• Klooga Memorials
The Klooga concentration camp was the best-known National Socialist camp in Estonia. Three monuments - set up in 1951, 1994 and 2005 - commemorate the camp's victims. In 1944, up to 2,000 people were murdered here.
Image: Klooga, 1944, Entrance to the camp, photo taken after the arrival of the Red Army, Yad Vashem
Klooga, 1944, Entrance to the camp, photo taken after the arrival of the Red Army, Yad Vashem

Image: Klooga, 2004, The 1994 memorial, Stiftung Denkmal
Klooga, 2004, The 1994 memorial, Stiftung Denkmal
In 1943/44, there was a satellite camp of the Vaivara concentration camp in Klooga, on the northern coast of Estonia, which mainly produced for the Germany navy. Over 2,200 men and women, most of them Jews, were held here. As the Red Army was advancing, German and Estonian SS units carried out a mass shooting on September 19, 1944. The victims were forced to lie down on a stack of logs. The SS didn't have time to set fire to the layered corpses, so that they were discovered by the Soviets when they arrived. According to estimates, about 2,000 people were murdered that day. Only about 100 prisoners managed to hide in time before the shooting.
Image: Klooga, 1944, Entrance to the camp, photo taken after the arrival of the Red Army, Yad Vashem
Klooga, 1944, Entrance to the camp, photo taken after the arrival of the Red Army, Yad Vashem

Image: Klooga, 2004, The 1994 memorial, Stiftung Denkmal
Klooga, 2004, The 1994 memorial, Stiftung Denkmal
In 1943/1944, over 2,000 Jews, but also political prisoners, homosexuals and Soviet prisoners of war died a violent death at Klooga.
Image: Klooga, 1944, Soviet soldiers examining the corpses, Yad Vashem
Klooga, 1944, Soviet soldiers examining the corpses, Yad Vashem

Image: Klooga, 2004, The 1951 monument, erected by the Soviet authorities in honour of the »victims of Facism«, Stiftung Denkmal
Klooga, 2004, The 1951 monument, erected by the Soviet authorities in honour of the »victims of Facism«, Stiftung Denkmal
Already in 1951, the local Soviet authorities erected a memorial to the »victims of fascism«. On September 1, 1994, three years after Estonia had regained its independence, a further monument was set up on the initiative of the Jewish community which specifically stated that the victims had been Jews. The speakers of the Estonian and Israeli parliaments as well as survivors and victims' relatives took part in the dedication ceremony.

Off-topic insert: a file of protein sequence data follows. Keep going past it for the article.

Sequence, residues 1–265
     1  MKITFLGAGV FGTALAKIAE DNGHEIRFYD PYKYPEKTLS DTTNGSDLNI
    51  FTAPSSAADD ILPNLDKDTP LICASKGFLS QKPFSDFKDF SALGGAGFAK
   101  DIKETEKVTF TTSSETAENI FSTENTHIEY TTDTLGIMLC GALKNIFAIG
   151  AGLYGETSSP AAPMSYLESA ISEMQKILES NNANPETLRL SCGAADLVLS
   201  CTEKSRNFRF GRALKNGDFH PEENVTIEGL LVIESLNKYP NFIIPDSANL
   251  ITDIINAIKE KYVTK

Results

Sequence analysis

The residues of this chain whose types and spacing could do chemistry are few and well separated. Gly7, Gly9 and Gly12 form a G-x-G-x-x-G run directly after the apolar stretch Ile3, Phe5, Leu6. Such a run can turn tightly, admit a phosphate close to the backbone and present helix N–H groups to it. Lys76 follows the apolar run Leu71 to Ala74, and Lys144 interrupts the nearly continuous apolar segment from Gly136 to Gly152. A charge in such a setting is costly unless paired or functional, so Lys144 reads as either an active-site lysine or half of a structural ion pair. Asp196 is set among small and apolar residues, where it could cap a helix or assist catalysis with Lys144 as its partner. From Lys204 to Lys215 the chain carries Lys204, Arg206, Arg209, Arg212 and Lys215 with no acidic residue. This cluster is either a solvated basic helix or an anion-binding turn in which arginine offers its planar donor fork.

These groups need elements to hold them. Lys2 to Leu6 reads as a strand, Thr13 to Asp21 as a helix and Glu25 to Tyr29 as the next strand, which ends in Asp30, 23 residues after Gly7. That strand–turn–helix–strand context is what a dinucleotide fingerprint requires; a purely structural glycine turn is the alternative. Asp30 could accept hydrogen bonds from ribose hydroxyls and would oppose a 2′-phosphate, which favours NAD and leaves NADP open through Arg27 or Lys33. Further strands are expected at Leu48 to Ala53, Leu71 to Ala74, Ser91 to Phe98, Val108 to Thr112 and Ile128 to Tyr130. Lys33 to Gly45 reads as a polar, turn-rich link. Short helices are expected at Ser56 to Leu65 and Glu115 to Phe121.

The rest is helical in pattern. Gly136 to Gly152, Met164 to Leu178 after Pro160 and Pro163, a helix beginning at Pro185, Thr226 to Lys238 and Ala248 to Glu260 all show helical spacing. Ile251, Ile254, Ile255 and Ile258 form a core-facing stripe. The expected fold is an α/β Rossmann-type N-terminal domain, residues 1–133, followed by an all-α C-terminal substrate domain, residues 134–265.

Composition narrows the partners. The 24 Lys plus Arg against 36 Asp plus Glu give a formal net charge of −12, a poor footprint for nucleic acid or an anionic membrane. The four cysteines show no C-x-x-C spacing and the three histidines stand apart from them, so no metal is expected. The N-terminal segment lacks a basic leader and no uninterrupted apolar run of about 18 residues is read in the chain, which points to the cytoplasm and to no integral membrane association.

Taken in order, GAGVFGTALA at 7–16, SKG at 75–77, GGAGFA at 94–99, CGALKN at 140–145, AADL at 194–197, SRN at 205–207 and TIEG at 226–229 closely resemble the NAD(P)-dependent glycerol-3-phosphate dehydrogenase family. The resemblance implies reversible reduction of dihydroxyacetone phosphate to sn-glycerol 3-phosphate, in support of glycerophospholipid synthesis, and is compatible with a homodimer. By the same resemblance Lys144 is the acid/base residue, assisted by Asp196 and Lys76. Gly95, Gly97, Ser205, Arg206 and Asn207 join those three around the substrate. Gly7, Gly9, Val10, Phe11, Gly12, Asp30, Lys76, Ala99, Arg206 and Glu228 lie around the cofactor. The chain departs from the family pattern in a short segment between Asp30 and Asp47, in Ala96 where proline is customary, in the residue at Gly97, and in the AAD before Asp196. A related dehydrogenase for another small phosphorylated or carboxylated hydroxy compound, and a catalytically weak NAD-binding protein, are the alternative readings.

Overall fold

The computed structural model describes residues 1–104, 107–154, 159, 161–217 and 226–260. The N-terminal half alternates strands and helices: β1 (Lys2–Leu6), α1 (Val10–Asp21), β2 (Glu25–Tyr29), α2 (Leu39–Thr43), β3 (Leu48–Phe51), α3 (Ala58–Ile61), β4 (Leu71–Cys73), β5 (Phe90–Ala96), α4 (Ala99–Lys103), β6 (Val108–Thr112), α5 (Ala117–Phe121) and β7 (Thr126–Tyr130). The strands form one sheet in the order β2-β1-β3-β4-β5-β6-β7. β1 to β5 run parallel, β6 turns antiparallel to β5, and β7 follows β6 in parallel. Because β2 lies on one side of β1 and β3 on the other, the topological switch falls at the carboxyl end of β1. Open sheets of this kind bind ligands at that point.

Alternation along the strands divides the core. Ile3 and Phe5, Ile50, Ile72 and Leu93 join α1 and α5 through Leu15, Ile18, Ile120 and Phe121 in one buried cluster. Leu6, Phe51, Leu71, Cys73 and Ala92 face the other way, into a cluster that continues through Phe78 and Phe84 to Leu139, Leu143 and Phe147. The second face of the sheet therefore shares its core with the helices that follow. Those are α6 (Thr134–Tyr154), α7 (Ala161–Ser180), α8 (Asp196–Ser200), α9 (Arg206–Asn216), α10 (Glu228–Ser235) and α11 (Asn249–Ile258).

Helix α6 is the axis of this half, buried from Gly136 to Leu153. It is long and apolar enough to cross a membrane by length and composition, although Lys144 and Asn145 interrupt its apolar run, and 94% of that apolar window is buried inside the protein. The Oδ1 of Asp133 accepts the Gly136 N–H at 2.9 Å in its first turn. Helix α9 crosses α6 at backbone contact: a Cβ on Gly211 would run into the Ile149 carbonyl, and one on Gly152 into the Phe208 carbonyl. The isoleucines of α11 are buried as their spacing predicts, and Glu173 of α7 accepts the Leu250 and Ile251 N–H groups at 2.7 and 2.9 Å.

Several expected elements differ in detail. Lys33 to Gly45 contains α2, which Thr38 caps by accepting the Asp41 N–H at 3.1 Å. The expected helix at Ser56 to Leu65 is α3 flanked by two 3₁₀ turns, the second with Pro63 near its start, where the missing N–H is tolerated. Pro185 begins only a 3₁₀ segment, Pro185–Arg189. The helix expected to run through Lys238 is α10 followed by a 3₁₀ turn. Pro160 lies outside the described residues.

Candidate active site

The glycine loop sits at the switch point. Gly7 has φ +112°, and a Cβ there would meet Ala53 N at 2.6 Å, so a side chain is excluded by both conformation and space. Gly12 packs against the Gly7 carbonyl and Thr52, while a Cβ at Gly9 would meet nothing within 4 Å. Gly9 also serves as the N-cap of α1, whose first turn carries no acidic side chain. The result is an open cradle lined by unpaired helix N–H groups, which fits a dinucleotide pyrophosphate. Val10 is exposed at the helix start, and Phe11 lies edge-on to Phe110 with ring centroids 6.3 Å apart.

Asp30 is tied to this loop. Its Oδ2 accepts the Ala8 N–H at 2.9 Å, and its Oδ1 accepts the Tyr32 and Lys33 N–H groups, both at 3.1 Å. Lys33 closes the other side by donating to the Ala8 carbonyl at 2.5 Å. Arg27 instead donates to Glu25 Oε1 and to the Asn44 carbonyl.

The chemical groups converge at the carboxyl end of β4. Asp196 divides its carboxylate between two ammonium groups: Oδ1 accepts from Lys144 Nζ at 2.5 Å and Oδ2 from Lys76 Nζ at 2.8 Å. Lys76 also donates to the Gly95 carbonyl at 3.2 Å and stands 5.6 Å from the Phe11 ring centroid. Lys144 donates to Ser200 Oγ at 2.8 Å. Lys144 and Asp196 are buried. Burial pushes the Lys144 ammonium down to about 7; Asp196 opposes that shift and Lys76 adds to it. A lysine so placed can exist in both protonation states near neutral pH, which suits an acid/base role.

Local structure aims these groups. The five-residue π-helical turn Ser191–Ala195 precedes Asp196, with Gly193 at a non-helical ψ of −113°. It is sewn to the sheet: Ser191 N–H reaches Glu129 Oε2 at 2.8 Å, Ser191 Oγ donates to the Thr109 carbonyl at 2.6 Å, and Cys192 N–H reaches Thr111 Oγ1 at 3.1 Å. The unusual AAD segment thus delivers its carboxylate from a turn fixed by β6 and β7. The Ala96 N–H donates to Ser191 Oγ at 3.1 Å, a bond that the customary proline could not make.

On July 24, 2005, Estonian president Arnold Rüütel and Israeli ambassador to Estonia, Shemi Zur, dedicated a monument made of marble. Earlier that year, in May, Estonian prime minister Andrus Ansip had apologised on-site for the fact that Estonian citizens had participated in the Holocaust. In September 2013, a new open-air exhibition was inaugurated, explaining the historical background in Estonian, English and Russian.
Commemorative ceremonies are held annually on January 27, Holocaust Remembrance Day, and on September 19, the anniversary of the 1944 mass murder.
Image: Klooga, 2004, Back of the 1994 memorial which reads: »In memory of the Jews who were murdered in Estonia«, Stiftung Denkmal
Klooga, 2004, Back of the 1994 memorial which reads: »In memory of the Jews who were murdered in Estonia«, Stiftung Denkmal

Image: Klooga, 2013, View of the open-air exhibition, Gennadi Gramberg
Klooga, 2013, View of the open-air exhibition, Gennadi Gramberg
Image: Klooga, 2009, The 2005 memorial, Juri Linkov
Klooga, 2009, The 2005 memorial, Juri Linkov
Image: Klooga, 2013, View of the open-air exhibition, Gennadi Gramberg
Klooga, 2013, View of the open-air exhibition, Gennadi Gramberg
Image: Klooga, 2013, View of the open-air exhibition, Gennadi Gramberg
Klooga, 2013, View of the open-air exhibition, Gennadi Gramberg
Image: Klooga, 2004, The inscription of the 1994 memorial: »In memory of the murdered Jews«, Stiftung Denkmal
Klooga, 2004, The inscription of the 1994 memorial: »In memory of the murdered Jews«, Stiftung Denkmal
Name
Mälestusmärk Eestis Mõrvatud Juutide Mälestuseks / Fašismi Ohvrite Mälestusmä
Open
The memorial is accessible at all times.